Solidarity as a comprehensive model for collective healing

For SIEMPREVIVAS RUM, the “acompañamiento” model and its community approach is essential for empowering gender violence survivors

Luisa Seijo Maldonado recalls how people began to know her and the group of volunteers who accompanied victims of gender violence to the Mayaguez Municipal Court for legal processes against their aggressors—they were called “the women with purple ribbons.”

The collective began by creating a group of five students and professionals from the University of Puerto Rico Mayagüez Campus (RUM) who were eager to implement a new acompañamiento model of feminist social intervention for supporting women victims of violence.

This is how, in September 1997, the initiative named Research and Services for Women Survivors of Domestic Violence and Sexual Assault Project was born in the western region of Puerto Rico.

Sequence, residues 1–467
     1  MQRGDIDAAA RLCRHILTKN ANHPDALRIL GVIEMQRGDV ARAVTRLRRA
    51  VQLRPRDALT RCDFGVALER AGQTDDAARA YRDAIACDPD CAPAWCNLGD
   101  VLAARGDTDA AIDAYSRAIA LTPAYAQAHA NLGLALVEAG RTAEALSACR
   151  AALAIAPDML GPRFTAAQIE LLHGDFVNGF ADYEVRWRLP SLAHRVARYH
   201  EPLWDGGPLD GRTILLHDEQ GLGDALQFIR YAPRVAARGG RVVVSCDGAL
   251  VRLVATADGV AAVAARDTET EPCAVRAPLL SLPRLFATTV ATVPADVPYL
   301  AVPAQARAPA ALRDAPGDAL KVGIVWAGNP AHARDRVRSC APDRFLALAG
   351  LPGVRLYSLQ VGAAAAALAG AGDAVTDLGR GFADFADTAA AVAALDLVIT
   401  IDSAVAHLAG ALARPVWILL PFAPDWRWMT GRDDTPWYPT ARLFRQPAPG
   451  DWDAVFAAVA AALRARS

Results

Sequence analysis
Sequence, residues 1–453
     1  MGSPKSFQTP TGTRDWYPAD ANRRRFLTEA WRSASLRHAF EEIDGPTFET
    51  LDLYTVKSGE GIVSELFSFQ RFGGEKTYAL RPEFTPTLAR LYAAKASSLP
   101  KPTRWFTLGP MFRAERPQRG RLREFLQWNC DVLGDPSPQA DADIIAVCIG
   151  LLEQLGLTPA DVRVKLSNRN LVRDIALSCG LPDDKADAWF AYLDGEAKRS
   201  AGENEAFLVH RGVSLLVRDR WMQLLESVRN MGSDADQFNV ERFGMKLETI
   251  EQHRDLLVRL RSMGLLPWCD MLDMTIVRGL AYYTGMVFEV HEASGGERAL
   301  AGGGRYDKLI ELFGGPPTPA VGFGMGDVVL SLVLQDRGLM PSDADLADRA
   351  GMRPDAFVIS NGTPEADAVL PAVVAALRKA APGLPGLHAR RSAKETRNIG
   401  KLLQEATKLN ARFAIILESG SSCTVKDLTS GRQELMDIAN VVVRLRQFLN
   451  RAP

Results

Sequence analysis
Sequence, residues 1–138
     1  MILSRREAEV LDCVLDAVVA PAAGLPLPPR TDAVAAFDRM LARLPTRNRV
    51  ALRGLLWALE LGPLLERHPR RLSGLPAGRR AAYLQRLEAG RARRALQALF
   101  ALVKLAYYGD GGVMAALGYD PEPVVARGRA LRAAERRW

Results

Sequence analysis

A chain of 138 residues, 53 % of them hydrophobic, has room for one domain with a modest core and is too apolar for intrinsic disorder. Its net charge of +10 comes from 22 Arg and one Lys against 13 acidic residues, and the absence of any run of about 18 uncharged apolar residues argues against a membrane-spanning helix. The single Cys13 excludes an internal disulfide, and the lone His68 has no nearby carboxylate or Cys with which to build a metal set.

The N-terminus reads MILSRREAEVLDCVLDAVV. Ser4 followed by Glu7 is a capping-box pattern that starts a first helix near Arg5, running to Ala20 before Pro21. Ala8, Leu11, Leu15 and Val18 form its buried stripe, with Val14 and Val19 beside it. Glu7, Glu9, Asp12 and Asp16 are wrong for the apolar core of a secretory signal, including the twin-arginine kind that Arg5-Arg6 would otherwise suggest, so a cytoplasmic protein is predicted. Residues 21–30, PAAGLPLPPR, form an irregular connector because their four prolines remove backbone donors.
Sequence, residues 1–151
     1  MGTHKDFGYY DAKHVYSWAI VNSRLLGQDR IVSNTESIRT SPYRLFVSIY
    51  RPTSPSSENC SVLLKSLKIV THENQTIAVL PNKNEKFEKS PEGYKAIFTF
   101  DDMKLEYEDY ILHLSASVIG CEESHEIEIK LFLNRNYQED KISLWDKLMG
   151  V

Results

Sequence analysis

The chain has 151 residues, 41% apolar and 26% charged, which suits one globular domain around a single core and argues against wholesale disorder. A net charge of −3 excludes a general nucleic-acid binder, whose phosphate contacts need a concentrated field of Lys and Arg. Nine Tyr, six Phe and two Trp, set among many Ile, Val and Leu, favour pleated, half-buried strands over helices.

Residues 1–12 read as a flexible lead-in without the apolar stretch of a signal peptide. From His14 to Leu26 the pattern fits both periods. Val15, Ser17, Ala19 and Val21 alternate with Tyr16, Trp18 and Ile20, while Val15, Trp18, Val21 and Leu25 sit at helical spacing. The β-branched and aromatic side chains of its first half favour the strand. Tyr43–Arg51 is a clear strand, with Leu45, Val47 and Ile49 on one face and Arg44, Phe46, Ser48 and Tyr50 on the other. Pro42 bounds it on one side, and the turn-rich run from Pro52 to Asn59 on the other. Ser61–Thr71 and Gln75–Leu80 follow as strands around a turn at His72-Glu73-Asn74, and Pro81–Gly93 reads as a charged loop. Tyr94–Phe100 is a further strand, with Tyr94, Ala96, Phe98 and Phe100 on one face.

In 2002, the group began a campaign to have the University take on the project and provide a formal physical space. In 2003, the college administration offered “La Casita,” a property located in the former faculty residences that became the project’s headquarters. Luisa recalls that one of the facilitators questioned: “how in the world they were going to answer the phone with such a long project name.” So the name SIEMPREVIVAS, the Spanish acronym for Research Services Educating Women to Choose a Truly Self-sufficient Life, was coined.

“We’ve been working with interested students who have skills, experience, and, above all, a feminist vision,” says Seijo Maldonado, director of the initiative for the past 25 years.
SIEMPREVIVAS RUM at a team meeting.

The social worker identified the need to break the cycles of sexist violence experienced by survivors as well as their children. Support groups were created with the help of volunteers to promote collective healing through empowerment from a feminist perspective and to facilitate self-sufficiency. Beyond wearing purple ribbons, the vision has been to accompany victims of various forms of gender violence throughout this process.